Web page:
After my sea glass hunting adventures, I return home to wash, sort, and choose only the best pieces that can be made into jewelry. Next, I choose how I will set the sea glass. Usually I drill a small 1.5mm hole with a diamond tipped drill bit and a dremel drill. Then I decide how the jewelry will be worn. Often I already have an idea if it will be a pendant or earrings.
Next, I design the silver work that will accompany the sea glass. I rarely will start with sterling silver when I’m testing a new design, as silver is very expensive to make mistakes with. Instead I practice using craft wire that is made of cheaper metal to test the design. I usually will go through several drafts, changing the original design for practical reasons, or because the design naturally becomes something else. For example, once I had intended to make a flower, but the piece continually flowed and became a tree.
After the piece is made with the sterling silver, I will then forge the piece with a planishing hammer to make it flat and shiny. Finally, the silver is placed in a jewelry tumbler by itself (not the sea glass) to smooth any rough etches and harden the silver. Lastly, the silver work is attached to the sea glass and is ready to be set on a sterling silver chain or attached to an ear wire.
Name one thing that not many people know about you.
I’m pretty sure I was born to create. Focusing on a new creation is a meditative-like exercise that helps me remove myself from my stress and worries. Even though I have only been making jewelry for a short time, I’ve been involved in many creative endeavours throughout my life and I still am. I also write music, sing, play guitar, shoot amateur photography, and make cute fuzzy animals out of felt. Currently all my creative focus has been on my jewelry.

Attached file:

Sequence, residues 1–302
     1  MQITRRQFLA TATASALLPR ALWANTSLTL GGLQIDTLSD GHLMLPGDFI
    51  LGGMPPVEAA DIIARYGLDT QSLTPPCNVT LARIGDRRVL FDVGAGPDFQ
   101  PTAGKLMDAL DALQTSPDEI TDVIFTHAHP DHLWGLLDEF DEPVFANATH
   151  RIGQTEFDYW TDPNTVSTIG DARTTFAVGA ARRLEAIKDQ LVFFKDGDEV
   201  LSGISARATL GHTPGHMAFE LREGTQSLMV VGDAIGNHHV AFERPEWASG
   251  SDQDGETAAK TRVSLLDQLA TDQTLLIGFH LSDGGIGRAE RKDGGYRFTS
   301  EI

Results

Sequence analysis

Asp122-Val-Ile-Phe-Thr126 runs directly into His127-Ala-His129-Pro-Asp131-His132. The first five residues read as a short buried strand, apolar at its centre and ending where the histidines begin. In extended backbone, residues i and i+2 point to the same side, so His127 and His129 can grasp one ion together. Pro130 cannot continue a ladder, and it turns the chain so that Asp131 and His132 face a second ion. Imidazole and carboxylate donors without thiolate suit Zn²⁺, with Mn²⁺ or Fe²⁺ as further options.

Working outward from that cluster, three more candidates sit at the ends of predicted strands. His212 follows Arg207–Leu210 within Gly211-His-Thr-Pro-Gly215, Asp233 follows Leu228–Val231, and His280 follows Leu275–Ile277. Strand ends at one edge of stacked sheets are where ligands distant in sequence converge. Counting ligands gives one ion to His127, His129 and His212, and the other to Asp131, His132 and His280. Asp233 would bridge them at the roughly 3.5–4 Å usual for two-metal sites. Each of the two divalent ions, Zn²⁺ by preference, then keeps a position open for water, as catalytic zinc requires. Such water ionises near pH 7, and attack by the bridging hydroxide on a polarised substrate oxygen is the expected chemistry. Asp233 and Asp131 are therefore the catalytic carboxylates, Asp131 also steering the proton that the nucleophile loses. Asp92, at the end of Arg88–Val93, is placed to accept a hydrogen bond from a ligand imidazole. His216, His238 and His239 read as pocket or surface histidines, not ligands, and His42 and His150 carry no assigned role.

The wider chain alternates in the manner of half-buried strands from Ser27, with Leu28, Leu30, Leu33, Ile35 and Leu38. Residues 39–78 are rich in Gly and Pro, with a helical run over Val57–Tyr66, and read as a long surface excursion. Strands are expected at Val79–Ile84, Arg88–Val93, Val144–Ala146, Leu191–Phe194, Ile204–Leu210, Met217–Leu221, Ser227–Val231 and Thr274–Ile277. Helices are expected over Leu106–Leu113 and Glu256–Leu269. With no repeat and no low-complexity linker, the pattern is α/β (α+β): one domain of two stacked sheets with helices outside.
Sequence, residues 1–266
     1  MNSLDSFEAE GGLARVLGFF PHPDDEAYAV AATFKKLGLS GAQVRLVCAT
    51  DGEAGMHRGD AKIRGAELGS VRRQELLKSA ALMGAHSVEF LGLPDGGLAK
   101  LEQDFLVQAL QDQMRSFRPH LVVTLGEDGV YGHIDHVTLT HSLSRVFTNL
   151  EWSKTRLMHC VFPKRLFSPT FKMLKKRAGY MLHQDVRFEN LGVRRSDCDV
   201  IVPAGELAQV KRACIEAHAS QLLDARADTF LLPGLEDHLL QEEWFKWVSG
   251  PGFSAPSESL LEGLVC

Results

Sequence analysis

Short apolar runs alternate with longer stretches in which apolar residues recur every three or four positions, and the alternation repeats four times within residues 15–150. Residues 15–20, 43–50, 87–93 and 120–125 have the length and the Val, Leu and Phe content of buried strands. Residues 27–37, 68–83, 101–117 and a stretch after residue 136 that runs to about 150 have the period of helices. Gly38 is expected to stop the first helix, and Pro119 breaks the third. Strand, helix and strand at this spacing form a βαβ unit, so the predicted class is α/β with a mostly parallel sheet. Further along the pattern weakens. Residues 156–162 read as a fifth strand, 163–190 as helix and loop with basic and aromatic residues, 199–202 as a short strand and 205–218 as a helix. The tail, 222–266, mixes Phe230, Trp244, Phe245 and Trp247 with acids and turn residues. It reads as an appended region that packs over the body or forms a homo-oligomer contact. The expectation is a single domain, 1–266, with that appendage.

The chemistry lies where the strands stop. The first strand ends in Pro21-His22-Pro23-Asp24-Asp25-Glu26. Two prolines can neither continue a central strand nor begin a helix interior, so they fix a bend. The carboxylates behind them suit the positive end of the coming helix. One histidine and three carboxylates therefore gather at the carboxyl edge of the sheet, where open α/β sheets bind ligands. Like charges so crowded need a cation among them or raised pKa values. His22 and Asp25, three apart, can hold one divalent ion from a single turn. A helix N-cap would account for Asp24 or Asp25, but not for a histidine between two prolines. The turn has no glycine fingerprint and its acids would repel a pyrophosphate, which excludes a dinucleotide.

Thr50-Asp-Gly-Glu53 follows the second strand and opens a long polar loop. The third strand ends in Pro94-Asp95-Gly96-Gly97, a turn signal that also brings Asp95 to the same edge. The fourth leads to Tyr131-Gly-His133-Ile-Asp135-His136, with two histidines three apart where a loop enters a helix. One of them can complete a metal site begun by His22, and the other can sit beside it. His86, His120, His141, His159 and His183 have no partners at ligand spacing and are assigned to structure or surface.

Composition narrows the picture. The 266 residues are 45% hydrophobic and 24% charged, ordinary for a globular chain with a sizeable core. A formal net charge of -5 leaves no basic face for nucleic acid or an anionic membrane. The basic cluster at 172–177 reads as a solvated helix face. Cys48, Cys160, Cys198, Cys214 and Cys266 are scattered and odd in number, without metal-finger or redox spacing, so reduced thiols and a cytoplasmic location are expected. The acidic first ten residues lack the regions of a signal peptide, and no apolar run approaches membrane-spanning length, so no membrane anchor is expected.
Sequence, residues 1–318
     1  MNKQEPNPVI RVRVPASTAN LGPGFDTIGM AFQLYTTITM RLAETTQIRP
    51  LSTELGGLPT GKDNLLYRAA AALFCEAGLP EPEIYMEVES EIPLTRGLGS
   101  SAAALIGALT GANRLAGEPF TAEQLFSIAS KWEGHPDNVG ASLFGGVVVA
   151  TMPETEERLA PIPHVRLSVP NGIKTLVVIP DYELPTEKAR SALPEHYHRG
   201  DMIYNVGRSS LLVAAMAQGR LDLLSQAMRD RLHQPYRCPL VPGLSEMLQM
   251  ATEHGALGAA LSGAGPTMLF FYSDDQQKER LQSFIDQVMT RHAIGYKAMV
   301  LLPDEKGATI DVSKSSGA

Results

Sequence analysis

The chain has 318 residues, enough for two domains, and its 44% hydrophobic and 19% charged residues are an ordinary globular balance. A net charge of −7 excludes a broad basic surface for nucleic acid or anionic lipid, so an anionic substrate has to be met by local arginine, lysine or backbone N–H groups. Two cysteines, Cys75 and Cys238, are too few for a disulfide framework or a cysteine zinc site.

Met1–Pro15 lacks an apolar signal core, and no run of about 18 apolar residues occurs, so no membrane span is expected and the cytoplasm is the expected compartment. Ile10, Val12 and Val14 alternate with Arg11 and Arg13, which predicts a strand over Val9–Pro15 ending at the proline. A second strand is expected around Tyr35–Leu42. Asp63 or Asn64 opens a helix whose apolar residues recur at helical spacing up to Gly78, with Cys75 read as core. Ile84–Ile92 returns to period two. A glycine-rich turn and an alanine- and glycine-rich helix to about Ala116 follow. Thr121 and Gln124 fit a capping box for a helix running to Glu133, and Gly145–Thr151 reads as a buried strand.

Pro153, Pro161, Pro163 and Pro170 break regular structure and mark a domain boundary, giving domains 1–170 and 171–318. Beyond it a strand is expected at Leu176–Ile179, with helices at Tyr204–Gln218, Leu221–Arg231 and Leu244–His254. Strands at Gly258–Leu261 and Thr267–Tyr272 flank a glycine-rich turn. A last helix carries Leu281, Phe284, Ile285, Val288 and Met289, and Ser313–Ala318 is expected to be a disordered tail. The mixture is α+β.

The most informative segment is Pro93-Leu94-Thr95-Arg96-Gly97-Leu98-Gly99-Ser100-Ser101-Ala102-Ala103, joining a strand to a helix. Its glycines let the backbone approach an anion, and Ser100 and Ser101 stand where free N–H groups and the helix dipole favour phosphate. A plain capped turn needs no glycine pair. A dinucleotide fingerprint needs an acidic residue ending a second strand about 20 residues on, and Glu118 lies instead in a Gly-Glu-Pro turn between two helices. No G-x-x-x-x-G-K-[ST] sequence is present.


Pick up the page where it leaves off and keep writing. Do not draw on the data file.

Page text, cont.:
Your day job involves research to develop assistive technology for the blind. Do you ever find that any of the skills you use in that field actually help you in the creation of your jewelry designs?
I don’t think my day job has helped me with my jewelry making process yet, but it definitely helps pay for my jewelry supplies! Maybe I’ll learn how to stamp braille into the silver to make personalized jewelry.
If you entered a contest and won an all expense paid 2 week vacation to the dream spot of your choice - where would your travel agent be booking your accommodations?
Oh, I definitely would go on a sea glass hunting trip to a place like Puerto Rico, England, or Hawaii. They have really lovely, colourful sea glass you can’t find anywhere else!
Do you have a favorite inspirational quote or affirmation? Would you share it with us?
This quote by Thomas Edison inspires me: “I have not failed; I’ve just found 10,000 ways that won’t work.” Jewelry making can be a lot like inventing, you can read books and tutorials, but when it comes down to it, you really just have to experiment with what works for you and be willing to make a lot of mistakes.I'd like to thank Korie for participating in my 365 Days of Creativity, and I hope you all will take a few moments to visit SeaglassReinvented, as well as to visit these other places where you can follow Korie and her artisanry:
Korie's Blog | Facebook | Twitter
Have a creativity filled day!